Sunday, March 04, 2012
Cash, Cash Equivalent: Is it really ever appropriate?
Every Chanuakah imamother has threads about "Chanukah Gelt" or gifts given directly from parents to teachers, morot, rebbes, and I promise I'm going to write about it. And then I don't. Next rolls along the next giving season, Pesach, and once again I never get around to the subject.
Well, I was surprised to see the cash gift thread arrive a bit prematurely in regards to Purim and I figured, hey, this doesn't need to be a lengthy post, but it is deserving of a discussion. So in the spirit of not procrastinating (or, perhaps in the spirit of procrastination), I'm going to ask my readership not whether cash or a cash equivalents is the better gift for teachers but to ask:
Is is ever appropriate for parents to give cash gifts directly to teachers who are not your own employees/contractors, but employees of the school that you contract with?
Personally, while I respect the institution of "Chanukah Gelt" (instituted when parents paid the Rebbe directly), "Pesach money," and "I'd like to help out the teacher who probably isn't getting paid much," I don't think it is appropriate to give anything more than a de minimus gift (excuse my tax terminology, 'tis the season). And I'm not really sure what the definition of de minimis is, but from what I understand from friends of mine (who live in a community where the custom is common and who appreciate this custom), certain parents will give well into the 100's, sometimes into the 1000's in gelt.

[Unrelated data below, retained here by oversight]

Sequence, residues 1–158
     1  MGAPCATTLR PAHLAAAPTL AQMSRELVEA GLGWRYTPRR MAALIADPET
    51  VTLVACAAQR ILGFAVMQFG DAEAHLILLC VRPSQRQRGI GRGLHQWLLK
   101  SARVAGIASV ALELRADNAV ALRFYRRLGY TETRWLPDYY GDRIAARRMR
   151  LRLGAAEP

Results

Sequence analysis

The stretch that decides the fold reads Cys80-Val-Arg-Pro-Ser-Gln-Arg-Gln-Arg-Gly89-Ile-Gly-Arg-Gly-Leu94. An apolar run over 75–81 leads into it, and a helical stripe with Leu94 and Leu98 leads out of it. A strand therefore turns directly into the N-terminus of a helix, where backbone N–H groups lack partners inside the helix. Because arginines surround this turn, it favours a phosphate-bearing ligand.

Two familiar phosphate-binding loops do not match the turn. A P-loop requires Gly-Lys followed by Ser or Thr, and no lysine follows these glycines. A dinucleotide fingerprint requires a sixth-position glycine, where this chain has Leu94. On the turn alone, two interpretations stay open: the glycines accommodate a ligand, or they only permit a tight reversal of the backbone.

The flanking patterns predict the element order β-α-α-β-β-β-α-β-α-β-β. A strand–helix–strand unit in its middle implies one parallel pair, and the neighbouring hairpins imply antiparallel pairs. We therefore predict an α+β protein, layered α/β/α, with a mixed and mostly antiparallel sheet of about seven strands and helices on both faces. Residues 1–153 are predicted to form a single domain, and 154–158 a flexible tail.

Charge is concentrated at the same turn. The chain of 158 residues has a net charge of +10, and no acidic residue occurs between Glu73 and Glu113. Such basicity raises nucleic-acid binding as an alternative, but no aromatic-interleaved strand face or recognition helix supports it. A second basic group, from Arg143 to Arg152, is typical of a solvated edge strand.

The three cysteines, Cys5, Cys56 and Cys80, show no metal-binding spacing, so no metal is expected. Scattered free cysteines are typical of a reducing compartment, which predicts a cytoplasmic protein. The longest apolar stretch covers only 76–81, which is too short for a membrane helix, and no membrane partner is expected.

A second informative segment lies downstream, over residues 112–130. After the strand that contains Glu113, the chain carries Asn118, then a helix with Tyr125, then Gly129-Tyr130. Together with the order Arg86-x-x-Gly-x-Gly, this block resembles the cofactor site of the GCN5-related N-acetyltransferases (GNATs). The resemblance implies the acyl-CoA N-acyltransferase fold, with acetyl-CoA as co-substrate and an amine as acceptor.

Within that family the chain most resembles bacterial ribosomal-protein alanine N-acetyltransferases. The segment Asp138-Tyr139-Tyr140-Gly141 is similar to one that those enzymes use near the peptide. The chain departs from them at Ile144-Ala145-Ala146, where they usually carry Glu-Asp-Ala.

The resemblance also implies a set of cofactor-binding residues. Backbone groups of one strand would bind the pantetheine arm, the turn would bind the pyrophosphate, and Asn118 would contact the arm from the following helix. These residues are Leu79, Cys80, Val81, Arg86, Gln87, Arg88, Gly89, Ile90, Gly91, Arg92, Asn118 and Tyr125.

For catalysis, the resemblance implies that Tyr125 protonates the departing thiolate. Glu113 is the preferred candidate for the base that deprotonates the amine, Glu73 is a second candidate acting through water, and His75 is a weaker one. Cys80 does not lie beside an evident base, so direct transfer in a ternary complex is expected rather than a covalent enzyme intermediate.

I have a hard time seeing the custom in its current manifestation as a positive. I believe in paying an appropriate market rate, on time, every time. I pitch in for the class gift, although there are years where I'm tempted to pinch my pennies. But, I see this type of giving as an ethical pitfall. (I will ignore any possible financial pitfalls here).
I do believe some (public) school districts issue guidelines on what type of gifts, if any, may be given. I believe one nearby school district prohibits cash and cash equivalents. If the district sees a personal gift as interfering with proper relationships between the school, parents, and teachers, how much more so in a financially private school market where "cash is king"? I don't want to put out accusations, but many do believe that certain behaviors are ignored because of a parent's stature, do we want our teachers to have to function in an environment where they feel their hands are tied more than they already are? Giving tips in a profession where it isn't normative can be interpreted as bribery of sorts. And, there is the issue of insensitivity to those with less when a gift becomes expected.
So, readers, is cash (or cash equivalents) beyond a "de minimis" amount (which would be hard enough to define) ever appropriate?